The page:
Here is why the ZEP was extended, it's not lawsuits against the home affairs ministry

Home affairs minister Aaron Motsoaledi has given the real reasons why the Zimbabwean Exemption Permit (ZEP) was extended and it’s not due to the popular belief that he was pressured by the ongoing lawsuit against the ministry.

Motsoaledi said the advisory committee recommended the December deadline was impossible and more time had to be given.

“They simply said the amount of work that is awaiting them, seeing especially that out of the 178,000 people that applied, only 4,000 applied for visas and 9,000 applied for waivers.

“When they start coming in and looking at how many hours they need for each, their calculation brought them to the belief that they need six months and in the remaining three months it won’t happen,” said Motsoaledi.

The ZEP was initially meant to be terminated at the end of December but Motsoaledi extended the validity of the ZEP for another six months to June 30 2023.

The extension has been met with mixed reaction from many, including Operation Dudula and ActionSA leader Herman Mashaba.

Speaking on 702, Motsoaledi said his decision to extend the ZEP had nothing to do with the court cases against the ministry brought by various organisations, including the Helen Suzman Foundation

Motsoaledi said the court battles are ongoing.

“We are sitting next month. These extensions are still going ahead and we are still preparing. We are defending every inch of our decision,” he said.

A ‘mockery’ of SA’s constitutional democracy

Mashaba said the extension of ZEPs is a “mockery” of SA’s constitutional democracy.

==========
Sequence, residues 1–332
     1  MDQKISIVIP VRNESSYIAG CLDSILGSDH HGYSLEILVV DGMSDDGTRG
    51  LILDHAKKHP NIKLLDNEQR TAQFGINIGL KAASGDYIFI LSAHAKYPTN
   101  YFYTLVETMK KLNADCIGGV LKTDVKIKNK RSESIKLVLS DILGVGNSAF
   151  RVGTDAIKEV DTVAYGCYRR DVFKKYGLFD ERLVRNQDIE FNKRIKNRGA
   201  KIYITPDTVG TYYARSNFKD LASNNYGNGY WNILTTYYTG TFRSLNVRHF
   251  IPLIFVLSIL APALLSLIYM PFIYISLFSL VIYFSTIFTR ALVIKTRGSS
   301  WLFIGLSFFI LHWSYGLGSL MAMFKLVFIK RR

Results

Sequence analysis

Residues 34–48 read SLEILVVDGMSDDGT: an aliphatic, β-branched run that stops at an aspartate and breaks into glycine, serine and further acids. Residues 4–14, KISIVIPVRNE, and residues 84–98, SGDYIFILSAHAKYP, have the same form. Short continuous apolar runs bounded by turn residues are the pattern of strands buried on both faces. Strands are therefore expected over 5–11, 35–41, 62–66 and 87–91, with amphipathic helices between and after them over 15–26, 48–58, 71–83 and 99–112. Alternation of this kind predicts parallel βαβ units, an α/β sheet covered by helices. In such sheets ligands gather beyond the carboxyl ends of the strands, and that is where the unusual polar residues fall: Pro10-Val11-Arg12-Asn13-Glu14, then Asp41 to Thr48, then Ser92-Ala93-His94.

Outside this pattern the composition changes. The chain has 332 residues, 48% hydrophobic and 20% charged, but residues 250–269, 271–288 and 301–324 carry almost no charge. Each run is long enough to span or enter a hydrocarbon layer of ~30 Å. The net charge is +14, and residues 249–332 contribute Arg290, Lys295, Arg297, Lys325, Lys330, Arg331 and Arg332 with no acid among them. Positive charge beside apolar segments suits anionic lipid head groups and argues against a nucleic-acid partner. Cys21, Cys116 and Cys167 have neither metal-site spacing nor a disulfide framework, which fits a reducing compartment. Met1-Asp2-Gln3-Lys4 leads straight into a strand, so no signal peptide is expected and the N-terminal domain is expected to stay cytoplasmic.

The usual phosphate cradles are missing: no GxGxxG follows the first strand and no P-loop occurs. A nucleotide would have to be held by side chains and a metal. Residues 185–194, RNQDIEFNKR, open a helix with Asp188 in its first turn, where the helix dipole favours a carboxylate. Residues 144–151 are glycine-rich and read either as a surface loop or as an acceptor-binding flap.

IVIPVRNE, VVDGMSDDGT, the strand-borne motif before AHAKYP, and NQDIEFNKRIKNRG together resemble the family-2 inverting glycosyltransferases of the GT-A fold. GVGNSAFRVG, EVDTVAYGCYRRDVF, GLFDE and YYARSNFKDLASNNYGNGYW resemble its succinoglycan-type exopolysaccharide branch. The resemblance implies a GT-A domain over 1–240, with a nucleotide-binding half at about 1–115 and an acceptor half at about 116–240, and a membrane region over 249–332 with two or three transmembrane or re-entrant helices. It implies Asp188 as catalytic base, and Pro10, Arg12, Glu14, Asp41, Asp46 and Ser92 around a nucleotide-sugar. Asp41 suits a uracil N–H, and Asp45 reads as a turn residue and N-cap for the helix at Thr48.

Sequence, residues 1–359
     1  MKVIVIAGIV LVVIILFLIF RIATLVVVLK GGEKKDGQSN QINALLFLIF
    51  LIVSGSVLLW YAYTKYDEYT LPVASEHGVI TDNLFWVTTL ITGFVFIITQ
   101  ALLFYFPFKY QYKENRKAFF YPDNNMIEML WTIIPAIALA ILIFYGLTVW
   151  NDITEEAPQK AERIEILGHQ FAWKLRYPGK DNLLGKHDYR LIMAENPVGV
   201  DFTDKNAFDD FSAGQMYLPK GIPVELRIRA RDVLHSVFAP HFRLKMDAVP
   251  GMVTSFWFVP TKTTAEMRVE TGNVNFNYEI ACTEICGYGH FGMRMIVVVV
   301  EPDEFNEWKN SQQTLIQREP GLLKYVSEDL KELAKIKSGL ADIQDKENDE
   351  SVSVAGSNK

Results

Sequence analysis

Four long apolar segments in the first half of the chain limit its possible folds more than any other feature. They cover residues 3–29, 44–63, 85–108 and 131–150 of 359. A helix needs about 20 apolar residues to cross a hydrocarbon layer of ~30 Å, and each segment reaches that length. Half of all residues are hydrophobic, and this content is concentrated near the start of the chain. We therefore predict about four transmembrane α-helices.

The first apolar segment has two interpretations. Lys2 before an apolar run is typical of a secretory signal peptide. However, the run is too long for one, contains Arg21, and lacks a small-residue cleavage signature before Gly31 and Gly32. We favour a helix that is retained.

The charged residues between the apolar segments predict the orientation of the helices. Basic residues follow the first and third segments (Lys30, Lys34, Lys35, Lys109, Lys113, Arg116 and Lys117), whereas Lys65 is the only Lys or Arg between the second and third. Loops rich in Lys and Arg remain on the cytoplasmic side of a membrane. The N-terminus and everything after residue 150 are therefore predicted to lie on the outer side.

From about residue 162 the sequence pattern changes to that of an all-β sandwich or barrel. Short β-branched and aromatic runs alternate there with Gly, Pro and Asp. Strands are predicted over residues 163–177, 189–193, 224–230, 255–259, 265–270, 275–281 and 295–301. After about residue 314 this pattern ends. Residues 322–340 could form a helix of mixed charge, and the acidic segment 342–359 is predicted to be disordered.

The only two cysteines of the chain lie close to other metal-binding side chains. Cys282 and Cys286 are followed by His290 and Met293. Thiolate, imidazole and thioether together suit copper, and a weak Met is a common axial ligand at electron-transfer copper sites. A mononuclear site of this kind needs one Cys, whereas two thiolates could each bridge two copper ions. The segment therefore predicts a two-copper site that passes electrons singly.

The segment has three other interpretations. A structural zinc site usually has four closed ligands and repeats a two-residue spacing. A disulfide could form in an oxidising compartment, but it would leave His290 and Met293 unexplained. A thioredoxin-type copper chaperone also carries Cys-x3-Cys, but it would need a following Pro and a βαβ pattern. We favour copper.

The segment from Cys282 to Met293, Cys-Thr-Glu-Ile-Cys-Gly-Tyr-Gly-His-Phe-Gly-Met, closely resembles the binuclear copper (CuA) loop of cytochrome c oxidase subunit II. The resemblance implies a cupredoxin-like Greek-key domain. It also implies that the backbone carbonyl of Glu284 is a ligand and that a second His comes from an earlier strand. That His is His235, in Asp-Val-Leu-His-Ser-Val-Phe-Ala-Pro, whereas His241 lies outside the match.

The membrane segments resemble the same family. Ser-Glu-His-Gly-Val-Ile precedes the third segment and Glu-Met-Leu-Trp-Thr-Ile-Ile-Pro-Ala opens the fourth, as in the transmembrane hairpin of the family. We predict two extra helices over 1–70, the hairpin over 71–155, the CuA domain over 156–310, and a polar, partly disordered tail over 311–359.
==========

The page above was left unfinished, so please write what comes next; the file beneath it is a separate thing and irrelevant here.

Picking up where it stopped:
“This indicates illegal immigration is not a priority for the home affairs ministry and poses a risk of a continued squeeze on our healthcare and social services,” he said.

Read also: DHA calls on Zimbabweans to apply for new work permits to continue staying legally

Mashaba said the extension further chips away at the autonomy of the state and its function, especially in managing the country’s borders.

He said the immigration act is clear that “SA belongs to South Africans”, and anyone who wishes to visit the country may do so provided they follow the correct channels and observe the country’s immigration laws.

“Our immigration act is very clear on how to deal with this type of influx of immigration, and especially on illegal immigration. We are of the view that no political will exists to deal decisively with this endemic problem in SA.

“Home affairs should send a clear message to anyone entering our borders that SA is a sovereign country with its own laws which must be obeyed and adhered to, failure of which carries an appropriate sanction,” said Mashaba.

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